I am posting this under an alter but be warned it is going to be long. . .
6 weeks ago my 6 yr old came up 4/5 lame on right hind overnight in his stall, no noticeable heat or swelling could be appreciated and he did not respond to any hoof testers. The only reaction we could find was he was uncomfortable having his right stifle palpated, crepitation could also be felt and heard through the right hindquarters but location was unknown.
We took him to the vet where they performed stifle x-ray/ultrasound, nerve blocks, and pelvic exam all of which were unremarkable.
I was told to take him home with stall rest for 3 weeks and re-evaluate. He improved slightly over this period but was definitely still VERY lame (3/5 at walk and the vet didn't want him to trot for the exam). Bone scan was then performed, head and neck of femur were both positive as well as LEFT SI joint (likely due to compensating). Horse is still far to lame to lay-down and get x-rays of hip and femur so we performed an ultrasound. The ultrasound shows major roughening of the neck of the femur (although vet says he does not have much experience doing hips); the vets are now saying that they would like to stall rest him for 3 more months and THEN lay him down and attempt to get usable x-rays to provide a diagnosis FIVE months after the initial injury and much $$$$$ later. I would hate to put him through the general anesthesia only to find out that our fears of a femur fracture, are true and we will have to euthanize 5 months after the initial injury...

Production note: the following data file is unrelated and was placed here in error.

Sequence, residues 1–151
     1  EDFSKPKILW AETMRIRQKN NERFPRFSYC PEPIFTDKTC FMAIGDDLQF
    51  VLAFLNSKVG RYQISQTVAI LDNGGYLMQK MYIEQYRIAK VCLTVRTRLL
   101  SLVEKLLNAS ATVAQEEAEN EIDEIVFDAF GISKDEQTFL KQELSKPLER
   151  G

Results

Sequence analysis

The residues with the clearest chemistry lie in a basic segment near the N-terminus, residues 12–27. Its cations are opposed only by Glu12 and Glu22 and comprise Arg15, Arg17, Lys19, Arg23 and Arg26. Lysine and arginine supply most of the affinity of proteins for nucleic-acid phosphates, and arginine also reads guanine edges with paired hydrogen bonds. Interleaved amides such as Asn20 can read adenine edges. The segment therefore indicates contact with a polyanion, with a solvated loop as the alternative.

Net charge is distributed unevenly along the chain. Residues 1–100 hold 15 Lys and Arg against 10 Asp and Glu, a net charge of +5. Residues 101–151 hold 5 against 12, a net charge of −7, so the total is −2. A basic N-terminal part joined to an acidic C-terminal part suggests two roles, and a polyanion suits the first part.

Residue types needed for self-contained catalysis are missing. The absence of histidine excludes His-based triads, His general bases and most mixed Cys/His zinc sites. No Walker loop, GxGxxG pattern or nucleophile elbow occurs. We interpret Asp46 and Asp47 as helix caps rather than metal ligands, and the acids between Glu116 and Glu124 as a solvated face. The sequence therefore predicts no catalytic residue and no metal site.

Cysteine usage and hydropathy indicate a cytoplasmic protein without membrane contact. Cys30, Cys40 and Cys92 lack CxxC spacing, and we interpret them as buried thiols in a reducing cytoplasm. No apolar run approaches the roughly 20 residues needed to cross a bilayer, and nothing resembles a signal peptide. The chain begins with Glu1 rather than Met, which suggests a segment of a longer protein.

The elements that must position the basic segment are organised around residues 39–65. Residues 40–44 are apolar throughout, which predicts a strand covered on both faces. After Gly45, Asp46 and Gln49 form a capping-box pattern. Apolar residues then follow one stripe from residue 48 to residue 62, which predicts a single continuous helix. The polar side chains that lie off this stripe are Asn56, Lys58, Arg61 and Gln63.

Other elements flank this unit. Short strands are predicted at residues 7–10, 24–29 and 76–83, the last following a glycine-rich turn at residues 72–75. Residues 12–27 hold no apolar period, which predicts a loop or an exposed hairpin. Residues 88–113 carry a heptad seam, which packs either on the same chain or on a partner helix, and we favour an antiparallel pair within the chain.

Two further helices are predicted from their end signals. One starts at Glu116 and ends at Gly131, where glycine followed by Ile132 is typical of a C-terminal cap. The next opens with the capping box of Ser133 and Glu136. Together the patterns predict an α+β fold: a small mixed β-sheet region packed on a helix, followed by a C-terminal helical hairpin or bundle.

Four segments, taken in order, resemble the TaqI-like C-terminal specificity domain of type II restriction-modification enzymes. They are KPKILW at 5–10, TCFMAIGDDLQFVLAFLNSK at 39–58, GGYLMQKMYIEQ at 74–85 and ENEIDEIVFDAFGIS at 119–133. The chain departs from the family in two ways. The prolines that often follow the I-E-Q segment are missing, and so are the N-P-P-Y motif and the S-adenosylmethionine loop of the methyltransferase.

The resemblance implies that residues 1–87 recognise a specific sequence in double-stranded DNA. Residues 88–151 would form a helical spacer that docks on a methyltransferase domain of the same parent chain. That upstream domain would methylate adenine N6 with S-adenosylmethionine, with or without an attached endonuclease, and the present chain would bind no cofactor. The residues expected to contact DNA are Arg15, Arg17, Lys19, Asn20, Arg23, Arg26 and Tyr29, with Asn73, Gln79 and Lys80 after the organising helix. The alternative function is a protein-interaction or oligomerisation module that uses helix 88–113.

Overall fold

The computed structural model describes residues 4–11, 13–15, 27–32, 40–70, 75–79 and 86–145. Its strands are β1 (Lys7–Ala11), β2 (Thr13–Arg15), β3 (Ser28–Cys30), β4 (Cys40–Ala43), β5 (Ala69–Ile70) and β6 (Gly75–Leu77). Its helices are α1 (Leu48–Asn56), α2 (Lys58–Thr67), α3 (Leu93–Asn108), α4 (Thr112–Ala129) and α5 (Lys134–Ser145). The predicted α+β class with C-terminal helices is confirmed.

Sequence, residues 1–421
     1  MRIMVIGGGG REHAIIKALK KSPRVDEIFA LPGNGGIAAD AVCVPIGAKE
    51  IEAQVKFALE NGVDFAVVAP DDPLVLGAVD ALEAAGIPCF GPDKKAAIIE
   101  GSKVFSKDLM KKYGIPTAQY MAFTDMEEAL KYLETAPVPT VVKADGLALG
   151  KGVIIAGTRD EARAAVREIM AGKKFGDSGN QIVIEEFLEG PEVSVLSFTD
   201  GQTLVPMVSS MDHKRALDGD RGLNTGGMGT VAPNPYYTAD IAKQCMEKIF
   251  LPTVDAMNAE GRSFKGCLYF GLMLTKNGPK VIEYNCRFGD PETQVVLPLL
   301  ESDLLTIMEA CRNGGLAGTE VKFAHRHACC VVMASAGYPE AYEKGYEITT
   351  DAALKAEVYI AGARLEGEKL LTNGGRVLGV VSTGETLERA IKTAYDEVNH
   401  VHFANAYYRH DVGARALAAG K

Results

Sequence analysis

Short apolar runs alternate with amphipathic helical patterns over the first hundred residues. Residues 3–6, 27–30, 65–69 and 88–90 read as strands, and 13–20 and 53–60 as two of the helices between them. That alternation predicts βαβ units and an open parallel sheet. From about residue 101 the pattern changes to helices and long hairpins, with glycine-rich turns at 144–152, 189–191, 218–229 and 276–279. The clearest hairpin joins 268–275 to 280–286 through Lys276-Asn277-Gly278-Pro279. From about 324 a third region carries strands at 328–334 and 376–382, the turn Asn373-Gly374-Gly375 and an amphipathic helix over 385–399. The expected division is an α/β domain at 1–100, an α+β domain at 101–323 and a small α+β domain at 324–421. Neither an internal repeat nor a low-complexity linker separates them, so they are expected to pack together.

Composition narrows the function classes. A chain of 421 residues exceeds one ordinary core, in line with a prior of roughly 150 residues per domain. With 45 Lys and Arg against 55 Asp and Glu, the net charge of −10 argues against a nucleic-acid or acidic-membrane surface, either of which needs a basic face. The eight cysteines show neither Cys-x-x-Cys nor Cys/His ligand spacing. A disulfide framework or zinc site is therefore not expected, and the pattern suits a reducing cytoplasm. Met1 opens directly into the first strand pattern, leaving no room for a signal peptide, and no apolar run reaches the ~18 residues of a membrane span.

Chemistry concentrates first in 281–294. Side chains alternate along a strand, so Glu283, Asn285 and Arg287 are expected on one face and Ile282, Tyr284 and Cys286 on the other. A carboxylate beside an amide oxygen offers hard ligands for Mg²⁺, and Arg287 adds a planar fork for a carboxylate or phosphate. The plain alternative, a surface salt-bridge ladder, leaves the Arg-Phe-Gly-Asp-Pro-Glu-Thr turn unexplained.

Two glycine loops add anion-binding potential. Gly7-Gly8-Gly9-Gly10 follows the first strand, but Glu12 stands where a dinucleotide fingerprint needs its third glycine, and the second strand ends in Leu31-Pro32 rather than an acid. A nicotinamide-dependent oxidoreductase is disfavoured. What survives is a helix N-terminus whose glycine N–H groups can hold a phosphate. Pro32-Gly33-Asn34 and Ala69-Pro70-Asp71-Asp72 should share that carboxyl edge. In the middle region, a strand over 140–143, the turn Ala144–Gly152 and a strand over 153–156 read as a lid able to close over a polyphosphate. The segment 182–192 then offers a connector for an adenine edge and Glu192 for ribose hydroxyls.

My wallet is quickly being sucked dry and it kills me to see my horse still so lame. A second opinion may be necessary very soon however it will be difficult to find a vet that has experience with bone scans in my area.
Any advice/experiences would be greatly appreciated!
Last edited by RETLA2012; Oct. 10, 2012 at 11:57 PM.
Thanks Simkie, I have sent an email to Martinelli asking for his assistance.
My gut feeling is that we are dealing with a fracture due to the sudden onset severe lameness, but it is very frustrating to be told to wait so long before getting a definite diagnosis. All google searches turn up empty for similar cases in grown horses... it does not improve the poor outlook
I need to correct my post after looking at my mare's records from the hospital. My recollection was incorrect about getting conclusive radiographs while standing.
She was scanned first, then xrays were attempted to focus on the area that revealed "focal intense increase in the IRU" in the RH femur.
The xrays were done standing but, as expected they were inconclusive because they were done standing. They made the judgement that it was too risky to lay her down for better films -- or risk possible catastrophic, spontaneous fracture.
So we relied on the bone scans, clinical symptoms and treated accordingly. 4 months of stall rest and repeated scans until we determined the fracture had resolved. NO pain relief, so she would protect that leg while she healed. It was about 9 months before she had full, free turnout into the big pasture again.